Captchas have always been exclusive; firstly it took time to convince designers an alternative to the visual code was necessary and secondly when audio options were finally provided they were next to useless. If you haven’t tried an audio captcha then you should. They are typical of the tokenistic attitudes which underlie the majority of web design and development. I don’t know what’s worse – content provided in a single fixed format or an alternative version which doesn’t work.
The BBC has come up with the worst alternative yet. Try emailing an article (I tried with an article about pulling the plug on the NHS e-records system after 9 years of failures – I thought the synchronicity was apt!) To complete the email link process you need to use a captcha. When you select the listen option a QuickTime file opens and initially it sounds good; for once you can actually make out what is being said – but once you’ve listened you realise file has taken over the window with no way of return to the original page where the captcha was in the first place. Nice one BBC. Did you not think to try it out on anyone first?
Blogs must be like buses – wait for ages then two come at once. A BBC report publicises the Suicide Machine – a service to help people disconnect from social networks. Founder Gordan Savicic says he’s had 90,000 requests and rising from individuals keen to opt out of the Internet and experience the real world instead. It had to happen. Our digital lifestyles have taken on a life of their own. Self-deletion is no longer an option. Who you gonna call? DataBusters! I’m not entirely comfortable with the suicide analogy, and a visit to the website doesn’t make it seem anymore appropriate. But maybe even the human experience of bereavement is reduced through digitisation. Like Kindle takes away the human element of book reading while still offering the same end result. The report includes a link to Daniel Sieberg’s Declaration of Disconnection in the Huffington Post where he refers to himself as a recovering social network addict. Suicide AND Addiction? Scratching on the surface of the reality of the dark side of the Internet. When did you last experience digital disconnection and how was it for you?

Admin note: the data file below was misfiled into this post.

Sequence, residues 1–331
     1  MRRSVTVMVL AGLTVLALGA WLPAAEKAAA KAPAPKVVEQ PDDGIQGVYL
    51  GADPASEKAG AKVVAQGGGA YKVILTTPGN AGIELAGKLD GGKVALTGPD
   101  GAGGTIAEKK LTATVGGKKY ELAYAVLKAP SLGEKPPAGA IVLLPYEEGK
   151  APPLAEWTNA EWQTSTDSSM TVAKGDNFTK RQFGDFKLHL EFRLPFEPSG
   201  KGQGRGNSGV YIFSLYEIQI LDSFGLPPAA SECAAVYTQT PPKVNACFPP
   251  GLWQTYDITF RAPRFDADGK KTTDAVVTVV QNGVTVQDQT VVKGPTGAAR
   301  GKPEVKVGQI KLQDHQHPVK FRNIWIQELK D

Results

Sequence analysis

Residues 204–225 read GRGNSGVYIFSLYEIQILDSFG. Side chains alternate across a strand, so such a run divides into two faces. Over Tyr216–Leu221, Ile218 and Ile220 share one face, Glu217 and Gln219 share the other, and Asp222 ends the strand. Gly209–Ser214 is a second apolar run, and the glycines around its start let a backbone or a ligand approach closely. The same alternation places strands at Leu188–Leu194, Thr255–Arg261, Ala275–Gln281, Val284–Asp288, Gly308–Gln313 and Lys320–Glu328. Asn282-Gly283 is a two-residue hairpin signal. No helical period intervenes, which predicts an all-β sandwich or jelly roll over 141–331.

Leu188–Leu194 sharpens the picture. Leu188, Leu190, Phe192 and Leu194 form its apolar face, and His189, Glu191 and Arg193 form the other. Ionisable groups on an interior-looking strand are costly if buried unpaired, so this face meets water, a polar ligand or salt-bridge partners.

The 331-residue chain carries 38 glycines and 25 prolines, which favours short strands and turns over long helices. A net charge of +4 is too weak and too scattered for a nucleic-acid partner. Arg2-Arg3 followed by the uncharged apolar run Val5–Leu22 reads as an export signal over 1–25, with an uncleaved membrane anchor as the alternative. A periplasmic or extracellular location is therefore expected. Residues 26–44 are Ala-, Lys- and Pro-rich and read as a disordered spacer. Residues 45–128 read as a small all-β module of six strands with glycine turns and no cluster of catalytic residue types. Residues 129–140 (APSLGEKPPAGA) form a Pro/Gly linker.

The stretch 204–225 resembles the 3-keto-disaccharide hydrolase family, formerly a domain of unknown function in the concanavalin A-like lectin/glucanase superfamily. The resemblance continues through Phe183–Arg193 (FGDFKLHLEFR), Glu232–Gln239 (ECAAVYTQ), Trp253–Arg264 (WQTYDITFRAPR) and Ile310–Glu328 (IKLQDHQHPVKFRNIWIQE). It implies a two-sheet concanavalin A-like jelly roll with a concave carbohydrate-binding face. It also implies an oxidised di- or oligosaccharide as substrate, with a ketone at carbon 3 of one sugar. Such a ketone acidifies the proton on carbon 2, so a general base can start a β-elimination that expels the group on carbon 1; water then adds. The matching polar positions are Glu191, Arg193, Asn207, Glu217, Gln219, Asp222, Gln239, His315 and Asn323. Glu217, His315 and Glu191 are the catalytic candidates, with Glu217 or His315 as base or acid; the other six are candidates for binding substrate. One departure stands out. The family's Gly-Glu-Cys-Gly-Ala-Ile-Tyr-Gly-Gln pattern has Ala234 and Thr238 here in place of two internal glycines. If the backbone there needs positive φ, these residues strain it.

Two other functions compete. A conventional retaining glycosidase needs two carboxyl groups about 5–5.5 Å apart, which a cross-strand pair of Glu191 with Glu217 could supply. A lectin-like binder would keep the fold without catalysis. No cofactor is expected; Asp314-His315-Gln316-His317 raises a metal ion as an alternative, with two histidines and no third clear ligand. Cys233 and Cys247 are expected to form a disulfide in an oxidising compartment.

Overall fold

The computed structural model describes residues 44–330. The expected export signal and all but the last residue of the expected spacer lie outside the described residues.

I hate labels and the label I hate the most is ‘disabled people’. I hate it because people with impairments are disabled by society’s failure to recognise categories of difference and reduce subsequent barriers to participation. This is the social model of disability. It’s society that disables individuals; you don’t disable yourself.
Today the BBC and the Guardian have reported on a poll commissioned by Scope from ComRes, where 91% of people stated they believed disabled people should have the same opportunities as everyone else (it doesn’t say what the other 9% thought). It then goes on to tell us how ‘disabled people are largely hidden’ away and socially excluded. Richard Hawkes, Chief Executive of Scope, said: “This is shocking evidence that shows that disabled people are still relatively invisible in day-to-day life. We are deeply concerned that the Government’s spending cuts will end up pushing disabled people even closer to the fringes of society.”